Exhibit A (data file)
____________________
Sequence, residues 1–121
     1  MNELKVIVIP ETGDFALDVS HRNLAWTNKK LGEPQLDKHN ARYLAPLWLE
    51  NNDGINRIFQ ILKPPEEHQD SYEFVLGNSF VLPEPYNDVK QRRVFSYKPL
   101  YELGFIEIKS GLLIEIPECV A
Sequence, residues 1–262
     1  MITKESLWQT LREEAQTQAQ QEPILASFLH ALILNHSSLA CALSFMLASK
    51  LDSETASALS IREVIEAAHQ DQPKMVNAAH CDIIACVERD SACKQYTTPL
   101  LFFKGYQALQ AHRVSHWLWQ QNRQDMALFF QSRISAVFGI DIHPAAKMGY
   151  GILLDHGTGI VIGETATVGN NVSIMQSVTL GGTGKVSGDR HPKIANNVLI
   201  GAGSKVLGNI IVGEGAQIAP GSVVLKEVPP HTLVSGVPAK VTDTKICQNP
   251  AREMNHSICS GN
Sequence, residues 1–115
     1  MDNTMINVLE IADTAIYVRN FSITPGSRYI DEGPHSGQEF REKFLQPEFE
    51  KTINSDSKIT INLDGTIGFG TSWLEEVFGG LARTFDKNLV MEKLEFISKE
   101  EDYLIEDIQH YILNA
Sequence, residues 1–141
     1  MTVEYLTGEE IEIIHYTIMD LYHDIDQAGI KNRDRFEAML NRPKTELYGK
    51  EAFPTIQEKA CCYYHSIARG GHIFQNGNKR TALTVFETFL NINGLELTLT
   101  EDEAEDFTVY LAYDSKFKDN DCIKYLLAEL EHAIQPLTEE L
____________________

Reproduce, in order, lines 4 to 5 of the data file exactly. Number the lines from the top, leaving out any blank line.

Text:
   101  YELGFIEIKS GLLIEIPECV A
Sequence, residues 1–262